Impact of contact investigation and tuberculosis screening among high-risk groups in Denmark
METHODS: ACF patients were identified by screening socially marginalised persons or through contact investigation. Logistic regression was used to model the associations between case-finding group (ACF/PCF) and hospitalisation, and between case-finding group and smear positivity rates.
RESULTS: A total of 108 patients were identified through ACF and 332 through PCF. Thirty (27.8%) ACF patients and 153 (46.1%) PCF patients were hospitalised. In the adjusted models, ACF patients (OR 0.24, P < 0.001) and ACF subgroups identified using mobile X-ray screening, spot sputum culture screening and contact investigation were significantly less likely to be hospitalised than PCF patients. Thirty-one (34.4%) ACF patients and 127 (50.4%) PCF patients were smear-positive. ACF patients (OR 0.30, P < 0.001) and ACF subgroups identified through contact investigation and spot sputum culture screening were less likely to be smear-positive than PCF patients.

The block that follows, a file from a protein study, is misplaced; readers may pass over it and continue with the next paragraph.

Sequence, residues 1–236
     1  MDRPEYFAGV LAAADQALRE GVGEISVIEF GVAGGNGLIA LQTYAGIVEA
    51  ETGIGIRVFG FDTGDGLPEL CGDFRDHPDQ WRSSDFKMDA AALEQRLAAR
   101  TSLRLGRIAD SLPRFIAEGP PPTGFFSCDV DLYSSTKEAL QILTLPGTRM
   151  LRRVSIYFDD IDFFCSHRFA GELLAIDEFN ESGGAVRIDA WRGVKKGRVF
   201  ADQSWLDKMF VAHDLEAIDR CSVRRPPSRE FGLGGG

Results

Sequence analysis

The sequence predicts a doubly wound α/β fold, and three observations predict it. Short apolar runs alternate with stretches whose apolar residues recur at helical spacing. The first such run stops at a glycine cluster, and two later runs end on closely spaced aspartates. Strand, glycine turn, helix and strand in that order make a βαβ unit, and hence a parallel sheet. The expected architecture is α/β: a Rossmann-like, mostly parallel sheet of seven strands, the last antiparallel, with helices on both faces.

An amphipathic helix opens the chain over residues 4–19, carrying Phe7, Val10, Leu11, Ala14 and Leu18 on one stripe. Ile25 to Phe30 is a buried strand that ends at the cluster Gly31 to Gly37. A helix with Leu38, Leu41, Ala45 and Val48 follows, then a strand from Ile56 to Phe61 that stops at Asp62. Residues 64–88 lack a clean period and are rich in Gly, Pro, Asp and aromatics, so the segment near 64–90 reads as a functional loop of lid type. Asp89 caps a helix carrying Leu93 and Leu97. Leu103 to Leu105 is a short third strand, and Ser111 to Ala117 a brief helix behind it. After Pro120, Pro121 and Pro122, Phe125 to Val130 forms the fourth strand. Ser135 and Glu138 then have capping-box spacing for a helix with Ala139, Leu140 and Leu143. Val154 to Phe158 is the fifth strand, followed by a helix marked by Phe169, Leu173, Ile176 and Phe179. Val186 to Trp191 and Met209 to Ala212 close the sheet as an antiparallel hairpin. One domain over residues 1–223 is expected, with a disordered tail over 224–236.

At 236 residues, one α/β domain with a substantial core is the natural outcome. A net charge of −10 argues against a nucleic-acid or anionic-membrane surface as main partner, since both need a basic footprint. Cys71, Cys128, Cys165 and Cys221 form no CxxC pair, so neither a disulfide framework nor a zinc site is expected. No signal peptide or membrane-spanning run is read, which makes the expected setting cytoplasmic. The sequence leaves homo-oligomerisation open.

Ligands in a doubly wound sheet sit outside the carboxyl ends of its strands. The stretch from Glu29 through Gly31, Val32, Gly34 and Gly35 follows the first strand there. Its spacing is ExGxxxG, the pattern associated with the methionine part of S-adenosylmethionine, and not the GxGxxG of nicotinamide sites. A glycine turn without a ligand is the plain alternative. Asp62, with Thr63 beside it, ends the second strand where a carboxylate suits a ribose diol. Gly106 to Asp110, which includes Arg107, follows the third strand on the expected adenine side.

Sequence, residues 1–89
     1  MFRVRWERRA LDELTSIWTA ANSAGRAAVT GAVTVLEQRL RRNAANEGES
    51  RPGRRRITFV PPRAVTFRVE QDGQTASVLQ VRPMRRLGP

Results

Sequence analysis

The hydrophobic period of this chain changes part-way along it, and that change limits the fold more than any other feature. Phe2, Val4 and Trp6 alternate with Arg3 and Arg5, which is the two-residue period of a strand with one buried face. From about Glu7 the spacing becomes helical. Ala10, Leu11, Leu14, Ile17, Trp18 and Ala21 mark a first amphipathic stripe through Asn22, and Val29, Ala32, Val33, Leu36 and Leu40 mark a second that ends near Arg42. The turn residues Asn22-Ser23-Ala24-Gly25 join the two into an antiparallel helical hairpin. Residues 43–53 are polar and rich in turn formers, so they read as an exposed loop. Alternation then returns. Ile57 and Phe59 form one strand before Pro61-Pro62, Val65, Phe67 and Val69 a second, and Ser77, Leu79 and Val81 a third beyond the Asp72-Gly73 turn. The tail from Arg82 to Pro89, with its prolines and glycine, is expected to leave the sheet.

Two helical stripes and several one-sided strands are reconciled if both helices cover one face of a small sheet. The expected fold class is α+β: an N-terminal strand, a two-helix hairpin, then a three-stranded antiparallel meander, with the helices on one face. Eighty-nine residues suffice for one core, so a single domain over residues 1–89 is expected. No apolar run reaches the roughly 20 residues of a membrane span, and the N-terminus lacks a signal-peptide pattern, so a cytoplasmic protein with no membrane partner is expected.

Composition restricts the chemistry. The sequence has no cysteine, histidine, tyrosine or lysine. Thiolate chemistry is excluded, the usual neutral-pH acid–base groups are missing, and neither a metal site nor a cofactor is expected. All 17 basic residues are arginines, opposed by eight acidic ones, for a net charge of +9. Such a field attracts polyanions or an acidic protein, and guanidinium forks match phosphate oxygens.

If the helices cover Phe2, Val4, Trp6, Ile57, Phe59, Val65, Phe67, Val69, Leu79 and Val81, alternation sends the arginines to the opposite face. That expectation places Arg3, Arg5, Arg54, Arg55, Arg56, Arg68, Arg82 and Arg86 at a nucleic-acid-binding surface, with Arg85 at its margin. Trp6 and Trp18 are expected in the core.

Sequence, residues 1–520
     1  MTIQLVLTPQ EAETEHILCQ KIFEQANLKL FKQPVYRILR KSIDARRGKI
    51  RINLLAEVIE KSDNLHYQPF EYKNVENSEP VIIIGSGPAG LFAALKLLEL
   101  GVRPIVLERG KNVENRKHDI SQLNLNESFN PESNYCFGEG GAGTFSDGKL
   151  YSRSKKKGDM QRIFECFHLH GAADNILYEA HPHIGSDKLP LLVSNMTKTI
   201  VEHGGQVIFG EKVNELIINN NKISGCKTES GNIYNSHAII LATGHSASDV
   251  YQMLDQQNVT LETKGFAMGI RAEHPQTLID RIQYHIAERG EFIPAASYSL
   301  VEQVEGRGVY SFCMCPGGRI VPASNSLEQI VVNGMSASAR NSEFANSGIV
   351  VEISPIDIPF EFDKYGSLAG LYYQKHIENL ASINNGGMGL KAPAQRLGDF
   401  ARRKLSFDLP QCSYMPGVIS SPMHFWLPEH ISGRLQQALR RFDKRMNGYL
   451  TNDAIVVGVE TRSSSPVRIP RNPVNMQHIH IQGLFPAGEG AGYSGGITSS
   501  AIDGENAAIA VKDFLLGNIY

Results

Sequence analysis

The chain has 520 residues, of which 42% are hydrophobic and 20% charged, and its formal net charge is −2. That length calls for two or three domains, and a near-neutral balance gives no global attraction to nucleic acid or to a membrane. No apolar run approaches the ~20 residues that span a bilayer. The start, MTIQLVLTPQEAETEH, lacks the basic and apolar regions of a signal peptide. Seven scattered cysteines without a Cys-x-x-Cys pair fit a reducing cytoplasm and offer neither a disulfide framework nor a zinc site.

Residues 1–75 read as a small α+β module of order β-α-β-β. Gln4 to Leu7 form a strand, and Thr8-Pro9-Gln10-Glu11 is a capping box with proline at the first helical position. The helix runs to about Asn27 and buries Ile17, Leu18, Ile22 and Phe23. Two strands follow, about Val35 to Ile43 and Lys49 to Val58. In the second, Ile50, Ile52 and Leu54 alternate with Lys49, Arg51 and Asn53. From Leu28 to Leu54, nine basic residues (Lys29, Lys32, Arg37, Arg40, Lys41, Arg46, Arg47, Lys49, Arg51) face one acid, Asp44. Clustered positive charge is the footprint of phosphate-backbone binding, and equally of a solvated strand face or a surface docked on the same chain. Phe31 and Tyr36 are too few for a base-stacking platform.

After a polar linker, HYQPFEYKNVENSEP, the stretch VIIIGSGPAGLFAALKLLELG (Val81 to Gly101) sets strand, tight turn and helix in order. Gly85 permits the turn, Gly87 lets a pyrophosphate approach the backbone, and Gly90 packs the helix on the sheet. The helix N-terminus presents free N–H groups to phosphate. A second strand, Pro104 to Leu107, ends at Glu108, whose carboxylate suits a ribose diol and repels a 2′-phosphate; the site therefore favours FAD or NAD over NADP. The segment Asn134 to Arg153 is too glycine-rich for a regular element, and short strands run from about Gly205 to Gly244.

CONCLUSIONS: These findings suggest that ACF reduces morbidity and infectiousness among TB patients, thereby potentially improving health outcomes and reducing transmission of M. tuberculosis.
Document Type: Research Article
Affiliations: 1: Department of Respiratory Medicine, Gentofte University Hospital, Copenhagen, Denmark; Department of Pulmonary and Infectious Diseases, Gentofte University Hospital, Copenhagen, Denmark 2: International Reference Laboratory of Mycobacteriology, Statens Serum Institut, Copenhagen, Denmark 3: Departments of Respiratory Medicine, Gentofte University Hospital, Copenhagen, Denmark 4: Department of Infectious Disease Epidemiology, Statens Serum Institut, Copenhagen, Denmark
Publication date: December 1, 2016
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